Physical Actions

Too many people took the Emotion Memory technique too far. This was the culmination of the other five techniques. On stage, perform a physical motion that would bring up the emotion without damaging your mind/soul by dredging up the experiences themselves. Can also be applied to stage entry.
Use for someone who suffers from stage fright. Conscious of everyone looking at you? Have you ever been on a stage with a spotlight focused just on you and you’re blinded momentarily? That momentary blindness gives you the feeling that you’re all by yourself – almost a sense of safety in your little circle of light. Imagine that spotlight encircling you, then play. “Public Solitude”
“You either have it or you’ve had it.”

Strike a pose, then freeze. Deliberately release tension in all muscles that are not necessary for maintaining the pose. Mr. Hinckley acknowledged that there are personality types amongst our students that will resist our efforts. The goal is to help them develop “stage charm.”

Mr. Hinckley shared an illustration of a teacher who told students he would be playing for them at their next masterclass. He arrived late, shuffled in, carrying armload of junk, plopped it all down, messed around with reed, then played piece, didn’t acknowledge applause, shuffled out. He then re-entered and repeated his performance the same way, but with a completely different approach and presence. He helped students see a real life model of how their presentation can completely affect the overall performance of a piece. He also suggested filming students so that they can see what they really look like. Encourage students to talk to the audience before they play their piece. Give them something to say. This helps break the ice with the audience.

List Your Studio For Free!

Through another teacher I just became aware that Yahoo! offers free business listings! Their basic listing even includes a free 5-page website that looks like it would work great for a teacher who just wants to make basic information about their studio available on-line. Their web-based wizard makes creation of the site easy for even those who don’t know anything about web design.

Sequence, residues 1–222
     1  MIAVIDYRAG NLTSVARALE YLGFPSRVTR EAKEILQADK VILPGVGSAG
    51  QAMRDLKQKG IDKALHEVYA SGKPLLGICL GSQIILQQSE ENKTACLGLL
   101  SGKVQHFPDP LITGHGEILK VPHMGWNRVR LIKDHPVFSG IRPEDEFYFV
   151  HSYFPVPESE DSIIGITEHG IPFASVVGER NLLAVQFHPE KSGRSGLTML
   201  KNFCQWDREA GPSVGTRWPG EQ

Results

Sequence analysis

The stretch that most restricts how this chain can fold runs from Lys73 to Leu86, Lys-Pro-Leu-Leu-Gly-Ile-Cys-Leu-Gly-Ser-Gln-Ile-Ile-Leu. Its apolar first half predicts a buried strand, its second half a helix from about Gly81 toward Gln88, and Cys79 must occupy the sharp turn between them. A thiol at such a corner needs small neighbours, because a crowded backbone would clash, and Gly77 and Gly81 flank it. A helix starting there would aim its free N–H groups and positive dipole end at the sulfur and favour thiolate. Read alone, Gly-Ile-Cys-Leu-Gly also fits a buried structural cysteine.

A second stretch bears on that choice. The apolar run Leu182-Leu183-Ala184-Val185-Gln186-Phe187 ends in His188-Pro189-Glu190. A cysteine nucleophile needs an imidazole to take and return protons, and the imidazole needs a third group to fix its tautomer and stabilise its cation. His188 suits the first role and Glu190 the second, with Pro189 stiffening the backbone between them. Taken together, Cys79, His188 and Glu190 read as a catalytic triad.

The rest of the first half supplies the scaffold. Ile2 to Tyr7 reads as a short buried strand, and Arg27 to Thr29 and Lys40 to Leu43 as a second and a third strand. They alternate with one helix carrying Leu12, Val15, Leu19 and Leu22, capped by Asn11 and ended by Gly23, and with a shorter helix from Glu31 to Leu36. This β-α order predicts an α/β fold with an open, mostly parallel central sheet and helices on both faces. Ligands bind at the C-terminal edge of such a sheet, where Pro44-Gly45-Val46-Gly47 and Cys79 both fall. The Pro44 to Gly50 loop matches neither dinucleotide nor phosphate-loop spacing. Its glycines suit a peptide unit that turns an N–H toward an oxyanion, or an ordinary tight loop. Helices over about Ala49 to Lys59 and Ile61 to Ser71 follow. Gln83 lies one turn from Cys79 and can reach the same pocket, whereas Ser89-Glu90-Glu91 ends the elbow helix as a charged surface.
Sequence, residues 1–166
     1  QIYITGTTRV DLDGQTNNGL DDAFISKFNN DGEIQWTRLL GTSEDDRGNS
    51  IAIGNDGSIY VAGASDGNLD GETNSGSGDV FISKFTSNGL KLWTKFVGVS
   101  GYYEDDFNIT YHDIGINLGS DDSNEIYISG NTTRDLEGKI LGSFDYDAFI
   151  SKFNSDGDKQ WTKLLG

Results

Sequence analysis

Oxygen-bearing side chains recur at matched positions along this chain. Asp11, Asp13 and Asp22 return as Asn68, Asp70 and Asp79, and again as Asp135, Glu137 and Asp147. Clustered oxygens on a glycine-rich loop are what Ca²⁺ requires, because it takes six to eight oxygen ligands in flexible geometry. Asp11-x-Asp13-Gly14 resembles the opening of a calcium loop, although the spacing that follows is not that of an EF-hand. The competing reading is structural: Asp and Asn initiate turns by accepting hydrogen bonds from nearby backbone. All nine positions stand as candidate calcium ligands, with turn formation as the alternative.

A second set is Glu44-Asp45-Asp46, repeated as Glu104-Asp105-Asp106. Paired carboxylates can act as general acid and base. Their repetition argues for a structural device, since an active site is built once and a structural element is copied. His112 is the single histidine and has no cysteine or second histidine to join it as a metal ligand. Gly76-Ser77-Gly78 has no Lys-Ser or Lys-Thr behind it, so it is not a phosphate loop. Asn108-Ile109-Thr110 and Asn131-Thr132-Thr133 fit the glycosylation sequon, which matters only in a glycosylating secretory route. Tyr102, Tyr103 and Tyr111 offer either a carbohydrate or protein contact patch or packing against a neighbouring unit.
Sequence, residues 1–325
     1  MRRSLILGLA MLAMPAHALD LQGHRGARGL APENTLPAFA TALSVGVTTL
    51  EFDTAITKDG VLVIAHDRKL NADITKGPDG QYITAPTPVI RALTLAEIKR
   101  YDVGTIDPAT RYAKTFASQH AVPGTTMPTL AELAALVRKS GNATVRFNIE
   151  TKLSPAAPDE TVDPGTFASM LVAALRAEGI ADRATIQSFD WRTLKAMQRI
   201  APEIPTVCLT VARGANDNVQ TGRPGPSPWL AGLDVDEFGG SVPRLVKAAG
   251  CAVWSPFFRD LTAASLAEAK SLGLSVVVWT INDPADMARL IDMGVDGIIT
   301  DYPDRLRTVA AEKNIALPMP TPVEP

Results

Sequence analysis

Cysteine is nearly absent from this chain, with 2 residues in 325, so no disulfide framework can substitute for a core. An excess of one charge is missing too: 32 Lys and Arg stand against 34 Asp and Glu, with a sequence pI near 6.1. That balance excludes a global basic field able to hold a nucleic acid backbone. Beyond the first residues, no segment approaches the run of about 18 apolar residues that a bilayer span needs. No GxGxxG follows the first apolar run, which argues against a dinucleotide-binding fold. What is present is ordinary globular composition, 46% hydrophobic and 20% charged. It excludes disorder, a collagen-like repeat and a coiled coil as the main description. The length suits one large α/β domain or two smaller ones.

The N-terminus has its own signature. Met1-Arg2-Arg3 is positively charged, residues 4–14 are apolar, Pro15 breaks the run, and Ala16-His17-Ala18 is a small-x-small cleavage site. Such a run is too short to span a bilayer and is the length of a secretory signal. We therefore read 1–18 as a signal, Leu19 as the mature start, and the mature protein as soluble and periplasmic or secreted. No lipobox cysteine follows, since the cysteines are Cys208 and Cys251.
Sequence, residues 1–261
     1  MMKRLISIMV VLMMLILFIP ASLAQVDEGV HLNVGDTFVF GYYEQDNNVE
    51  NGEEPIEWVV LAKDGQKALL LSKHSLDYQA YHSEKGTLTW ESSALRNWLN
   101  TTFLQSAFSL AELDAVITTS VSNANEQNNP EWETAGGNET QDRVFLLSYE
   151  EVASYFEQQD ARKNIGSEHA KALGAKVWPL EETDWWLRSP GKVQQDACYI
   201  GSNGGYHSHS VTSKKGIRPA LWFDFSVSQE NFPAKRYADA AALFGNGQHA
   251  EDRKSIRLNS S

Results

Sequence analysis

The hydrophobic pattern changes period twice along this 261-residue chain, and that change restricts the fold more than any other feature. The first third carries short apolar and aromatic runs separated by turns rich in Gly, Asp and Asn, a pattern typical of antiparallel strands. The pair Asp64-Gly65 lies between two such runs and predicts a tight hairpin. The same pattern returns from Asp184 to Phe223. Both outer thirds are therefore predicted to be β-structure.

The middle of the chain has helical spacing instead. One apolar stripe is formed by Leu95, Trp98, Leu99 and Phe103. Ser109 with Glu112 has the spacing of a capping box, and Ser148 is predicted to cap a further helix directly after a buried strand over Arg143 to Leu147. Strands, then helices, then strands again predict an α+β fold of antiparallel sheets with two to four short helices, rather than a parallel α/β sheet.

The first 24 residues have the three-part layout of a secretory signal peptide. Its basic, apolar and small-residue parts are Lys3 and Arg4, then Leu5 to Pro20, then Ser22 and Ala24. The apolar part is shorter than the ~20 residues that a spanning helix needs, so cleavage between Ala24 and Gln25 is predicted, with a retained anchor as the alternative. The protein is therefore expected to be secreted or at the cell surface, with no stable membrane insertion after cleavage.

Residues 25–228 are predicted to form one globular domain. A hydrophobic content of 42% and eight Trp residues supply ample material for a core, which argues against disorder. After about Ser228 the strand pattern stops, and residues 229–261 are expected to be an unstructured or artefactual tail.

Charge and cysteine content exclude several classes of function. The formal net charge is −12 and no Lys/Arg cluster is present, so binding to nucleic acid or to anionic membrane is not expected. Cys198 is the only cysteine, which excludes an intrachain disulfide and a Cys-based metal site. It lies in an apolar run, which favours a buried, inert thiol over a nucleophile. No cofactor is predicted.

Even if you don’t need additional students, listing your studio on business sites such as these increase the visibility of the music teaching profession. I encourage you to go list your studio today!

We Interrupt This Post Series…

Just wanted to interject a little sidenote. With some information I received at the MTNA Conference, I came across several other music-related blogs and have listed them on my right sidebar. I’ve perused them briefly, but not extensively. However, I wanted to make you aware of their presence. If you know of any other music blogs, let me know. If you’re interested in starting such a blog of your own, you may be interested in reading this post on how to Start Your Own Blog. It would be great to see a strong network of music-related blogs develop!

MTNA National Conference – Saturday

The renowned Van Cliburn gave the opening Keynote speech of the Conference. Though I didn’t transcribe the speech verbatim, I have attempted to capture the essence of it in the following notes.

Van as a young boy

Van Cliburn began his speech by expressing his gratefulness to his parents, particularly his mother, Rildia Bee, who had been his piano teacher from the age of 3 until he was 17, giving him a lesson every day. Rildia Bee was being honored posthumously by MTNA with a Lifetime Achievement Award. Rildia Bee was an accomplished pianist, dedicated teacher and devoted wife and mother. Although she could have become a concert pianist in her own right, she chose instead to stay home and live her life as a homemaker.